It’s Okay

I’m going to premise this by saying that I had something else planned for the third healing post, but yesterday taught me a lot. I decided when I started this blog that I would roll with the punches. If something comes up in my life and it speaks to me, I will tell you guys about it. With that being said, I want to tell you that it’s okay to admit that you are not okay.

 

If you know me personally, you know that I have struggled with anxiety for a decade now. Over the years I have learned that people’s perception of anxiety is sometimes skewed. For example, if you are speaking with a doctor about a medical problem you have and they see that you have anxiety, they sometimes tend to lean into that diagnosis. All of a sudden your symptoms are explained by your anxiety and it can be hard for them to look past that. This is, unfortunately, something that I have experienced many times. So when something happens like yesterday’s events, I often keep it to myself because I feel like nobody will take me seriously. If you can relate to that, you know that people like us often don’t seek medical treatment until the symptoms can no longer be ignored.

 

Yesterday morning I had chest pains and jaw pain for about an hour while I was at work. I told myself it was probably nothing and continued working through it even though the pain made it slightly difficult to breathe. My heart rate elevated to 120-145 for hours (tachycardia) and I had heart palpitations off and on all morning. I started having more symptoms and finally decided to ask a coworker to check my blood pressure. The level was in normal limits, but high for me. She asked if I have anxiety and if that could be the root of the cause. Believe it or not, living with something like anxiety for ten plus years has made me very aware of how it makes me feel, but this was different. I had never felt this way before. And in an instant, with her well-meaning comment, I was scared to talk about it. I figured that anyone who I told that something was wrong would just contribute it to my anxiety and wouldn’t believe something else was wrong. I kept feeling worse and starting feeling not only dizzy, but also disoriented. My head felt fuzzy and I started feeling very weak. Luckily, one of the doctors demanded I be sent to the emergency room. I was so embarrassed and figured everyone would think it’s “just Liz and her anxiety. She’s fine.”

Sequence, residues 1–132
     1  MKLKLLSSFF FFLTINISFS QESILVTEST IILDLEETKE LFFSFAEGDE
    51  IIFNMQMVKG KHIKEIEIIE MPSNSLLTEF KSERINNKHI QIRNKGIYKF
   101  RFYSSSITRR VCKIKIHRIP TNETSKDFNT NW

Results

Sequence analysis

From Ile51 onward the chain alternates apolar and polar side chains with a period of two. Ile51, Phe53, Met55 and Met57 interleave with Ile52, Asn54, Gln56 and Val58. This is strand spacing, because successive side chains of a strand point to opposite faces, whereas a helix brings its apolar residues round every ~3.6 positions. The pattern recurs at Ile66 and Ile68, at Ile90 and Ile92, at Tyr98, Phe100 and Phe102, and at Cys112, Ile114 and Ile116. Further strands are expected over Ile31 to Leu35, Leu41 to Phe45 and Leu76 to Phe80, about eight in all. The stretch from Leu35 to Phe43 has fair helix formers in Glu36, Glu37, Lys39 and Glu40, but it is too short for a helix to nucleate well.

When I got to the ER I continued to be more disoriented. I felt like I was going to lose consciousness and I was afraid. The world around me was moving, but it seemed so slow to me. I was walking slowly, talking slowly, and hardly able to comprehend what people were saying. I remember the staff hooking me up for an EKG and I could barely move my arms. My husband arrived and I could barely talk to him. It took everything in me to be able to say a word or two. I couldn’t find words to say and it felt like my brain turned off. When I was able to walk again, my vision was still blurry. Eventually I felt a little better, but very very tired. I fought the intense fatigue for the next hour. Long story (semi) short, we think I may have had another partial seizure. It’s been about three years since my last seizure. This all means that I will have to go back to my neurologist and see a cardiologist again.

 

And I almost didn’t go to the ER because I was scared nobody would believe me. I was scared to admit that I was not okay and that I needed to leave work to seek treatment. If it wasn’t for someone forcing me to be seen, I probably would have been at work when this occurred.

 

Why am I telling you all of this? Simply because I never want any of you to not get help because you are scared that if you tell someone you aren’t okay, they won’t believe you. Just because you have anxiety or any other issue doesn’t mean that something else can’t happen to you. Don’t brush off symptoms. Think of it this way… If your loved one told you that they were feeling the way you are feeling and your instinct would be to tell them they need to seek medical advice, then you should do so yourself. You need to take care of yourself the way that you would want your loved ones taken care of. Because you matter too. Because bad things can happen to you too. Don’t wait until someone mandates you to help yourself. You know your body better than anyone else in this world. You need to advocate for yourself. Please take care of yourself and don’t worry about what others might think in the process. You only have one opportunity at this life. Make it the best and longest life.

 

Love Always,

Elizabeth

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